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Not long after I finished those first three watercolors paintings I shared last week, I was inspired to try to capture something of the style and subject matter of some of my favorite artists.

I fell in love with the paintings of Odilon Redon and especially his paintings of boats. It’s not surprising, given my own love affair with the sea and boats and sailing. There was something so iconic about his images. His seas capturing the deep unconscious, his amazing skies, and the boats themselves, so graceful and buoyant, evocative of vast journeys into the subconscious, the unknown. I had to try my hand at that.

I created studies of two pieces, the one above in the header, and the one below. They aren’t copies. The colors are different, the composition. But if you know Redon’s work, you definitely know who inspired these.

The drawings themselves were simple, the people harder, but capturing some of his techniques, done in oil, with watercolor was a challenge, and the part I actually enjoyed the most. I wanted my paintings to have the richness of oils, to have that “primitive” look, and to look “old.” The blue sail one was my first and easier to paint for some reason. Here’s the original I painted.dscn2101

I ended up toning down some of the gold at the bottom and the colorful reflections at the right in the final version. Now I’m not sure I should have done so.

The gold one was more of a challenge. It’s a study of his painting called “The Yellow Sail, Final Journey, Guardians of the Soul”. I love that title! It was challenging capturing the “souls” in the boat and those little bits of light floating away (the souls moving heavenward?) which I translated into butterflies (he paints lots of butterflies in his works). And that sea. I wanted blue/green, rather than his gold, but getting the right color, and getting a reflection of the sunset in the water, that was difficult. I reworked it too much in some places, but I think that added to the “primitive, old” look.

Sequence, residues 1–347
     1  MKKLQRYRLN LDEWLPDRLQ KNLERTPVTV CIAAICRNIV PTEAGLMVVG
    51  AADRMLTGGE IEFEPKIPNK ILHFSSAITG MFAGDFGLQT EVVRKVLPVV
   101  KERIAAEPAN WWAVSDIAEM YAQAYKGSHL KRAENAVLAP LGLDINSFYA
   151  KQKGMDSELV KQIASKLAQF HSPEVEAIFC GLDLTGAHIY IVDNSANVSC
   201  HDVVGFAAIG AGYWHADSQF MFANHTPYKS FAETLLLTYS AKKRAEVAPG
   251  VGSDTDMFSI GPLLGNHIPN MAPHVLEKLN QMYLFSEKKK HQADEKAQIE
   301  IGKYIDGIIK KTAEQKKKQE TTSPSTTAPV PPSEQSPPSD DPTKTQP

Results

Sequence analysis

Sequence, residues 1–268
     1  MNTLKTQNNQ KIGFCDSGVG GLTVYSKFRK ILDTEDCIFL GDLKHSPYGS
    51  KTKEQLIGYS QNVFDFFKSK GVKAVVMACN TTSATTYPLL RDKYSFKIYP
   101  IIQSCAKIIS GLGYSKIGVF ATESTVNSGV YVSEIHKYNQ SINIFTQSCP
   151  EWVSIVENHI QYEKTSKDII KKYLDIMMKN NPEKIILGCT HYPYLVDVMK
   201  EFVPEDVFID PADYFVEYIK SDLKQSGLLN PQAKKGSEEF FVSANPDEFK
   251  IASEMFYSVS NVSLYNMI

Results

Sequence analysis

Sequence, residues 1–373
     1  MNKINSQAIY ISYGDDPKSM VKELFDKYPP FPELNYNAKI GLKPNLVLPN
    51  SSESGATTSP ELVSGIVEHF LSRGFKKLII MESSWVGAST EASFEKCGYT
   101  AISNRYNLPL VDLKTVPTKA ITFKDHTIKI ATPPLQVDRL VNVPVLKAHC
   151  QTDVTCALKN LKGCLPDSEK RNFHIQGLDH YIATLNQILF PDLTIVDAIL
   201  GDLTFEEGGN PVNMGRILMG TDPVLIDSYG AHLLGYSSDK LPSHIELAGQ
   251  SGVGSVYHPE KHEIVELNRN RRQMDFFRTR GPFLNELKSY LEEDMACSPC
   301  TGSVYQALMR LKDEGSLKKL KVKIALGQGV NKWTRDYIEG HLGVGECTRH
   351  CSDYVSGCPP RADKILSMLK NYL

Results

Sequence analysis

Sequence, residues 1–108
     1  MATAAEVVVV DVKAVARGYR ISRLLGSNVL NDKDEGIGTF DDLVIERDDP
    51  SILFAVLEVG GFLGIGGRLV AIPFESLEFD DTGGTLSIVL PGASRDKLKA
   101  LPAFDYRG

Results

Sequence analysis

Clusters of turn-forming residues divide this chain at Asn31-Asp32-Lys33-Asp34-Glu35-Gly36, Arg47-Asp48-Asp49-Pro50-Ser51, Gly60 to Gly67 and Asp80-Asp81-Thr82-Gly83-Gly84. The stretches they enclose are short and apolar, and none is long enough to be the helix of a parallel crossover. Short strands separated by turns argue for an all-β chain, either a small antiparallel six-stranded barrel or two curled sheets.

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I think I’ve succeeded to some degree  in what I wanted to do. Enough to want to frame these and put on my wall in more prominent places, our foyer. They just got back from the framers. But they looked a little lost in the bigger frames I’d ordered and wide matting, so I trimmed it down and put them into smaller frames. Here they are lined up on the couch. We’ll hang them on the wall later today.

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I was especially pleased that my husband liked these as much as I do, even more than my paintings of our tropical travels. He likes the other study I did below as much. No, even more so. It is in our bedroom over a dresser where we see it each morning when we wake. I’m so lucky to have a husband who has the same taste in art and who loves my work (or me, least) enough to want to show it off.

The following is a study of the work by a contemporary artist, Holly Irwin. I used one of her paintings in the header for my post “Able to Be the Mother of the World.”

I love the way her images, mostly women and girls, seem to appear out of thin air, or melt into it. That sense of oneness with one’s surroundings really speaks to me. Then of course the iconic image of Madonna and Child, mother and infant, is so heady with the evocation of unconditional love and acceptance, of nurturing and birth and creation, of life itself, that it’s hard for me to resist wanting to capture some of that.

And I think I did. At least enough to want to wake to it each morning. What do you think?

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